Families deal with each other, and that is generally something worth being thankful for. In any case, imagine a scenario in which you were left in your sister’s hands, realizing that she hates you. What’s more, imagine a scenario where, actually, she had lost her psyche and become fierce towards you? That is the mess Sanya Malhotra’s Genda Kumari and Radhika Madan’s Champa Kumari end up in Vishal Bhardwaj’s most recent film Pataakha.
Pataakha is Vishal Bhardwaj’s adaptation of a short story by Charan Singh Pathik named Do Behenein. It is the tale of sisters who love to hate one another. This isn’t your normal sibling competition; this is energetic and angry disdain for your kin. The sisters actually need to choke and gag the life out of one another. This interesting kin relationship frames the core of Vishal Bhardwaj’s film, where the Rajasthani dialect and the provincial setting present a side of Rajasthan that you haven’t seen previously. In any case, for all its oddity, Pataakha is a film that is a bit too difficult to take in. Getting a handle on the solid Rajasthani dialogues may turn out to be a test for the regular viewer. For 2 hours and 15 minutes, the sole focal point of the screenplay remains on the fact that the sisters can’t survive without getting into a fight and keeping in mind that the uniqueness of the story is excellent, after a point, it gets a touch dull.
While Vishal Bhardwaj has kept the story sensible to a degree that the characters talk just in the neighborhood dialect, which additionally winds up to be one of the biggest issues for the spectators. You will frequently find yourself struggling to comprehend the dialogues. Maybe, more lines in Hindi would have made it easier for the public to connect with Pataakha’s great physical and situational humor.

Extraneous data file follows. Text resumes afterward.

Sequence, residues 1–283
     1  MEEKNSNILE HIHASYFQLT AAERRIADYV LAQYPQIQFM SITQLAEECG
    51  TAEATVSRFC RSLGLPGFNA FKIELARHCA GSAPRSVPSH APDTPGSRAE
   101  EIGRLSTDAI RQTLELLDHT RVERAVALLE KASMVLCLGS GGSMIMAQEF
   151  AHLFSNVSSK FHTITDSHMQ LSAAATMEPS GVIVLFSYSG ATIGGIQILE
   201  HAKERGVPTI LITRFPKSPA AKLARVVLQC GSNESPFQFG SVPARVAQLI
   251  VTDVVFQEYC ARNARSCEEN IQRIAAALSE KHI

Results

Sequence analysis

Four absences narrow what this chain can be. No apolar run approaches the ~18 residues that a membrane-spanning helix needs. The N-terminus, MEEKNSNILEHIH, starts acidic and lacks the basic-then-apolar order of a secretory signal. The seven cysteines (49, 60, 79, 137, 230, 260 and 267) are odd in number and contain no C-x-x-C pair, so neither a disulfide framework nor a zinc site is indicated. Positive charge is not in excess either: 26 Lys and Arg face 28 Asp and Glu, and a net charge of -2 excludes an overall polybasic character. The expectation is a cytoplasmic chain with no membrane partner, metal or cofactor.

The performances by Radhika Madan and Sanya Malhotra are most definitely applaudible. The two on-screen characters have embraced their earthy characters and their feisty and enlivened performances are deserving of acclaim. During the second half, the on-screen characters put on weight as well, and their physical changes are great. The two sisters are downright firebrands. Vijay Raaz and Saanand Verma are similarly skilled with their comic timing. But, the scene stealer of Pataakha is the volcano of talent that is Sunil Grover. Playing a quirkier character, a man who is the instigator behind the fights to use them as a medium of entertainment, Sunil’s Dipper will be a fan favourite for sure. His character may have turned out to be a sadist as well but his is a nicely written character and we can’t imagine if anyone else could’ve pulled it off.
Watch the official trailer of Pataakha here-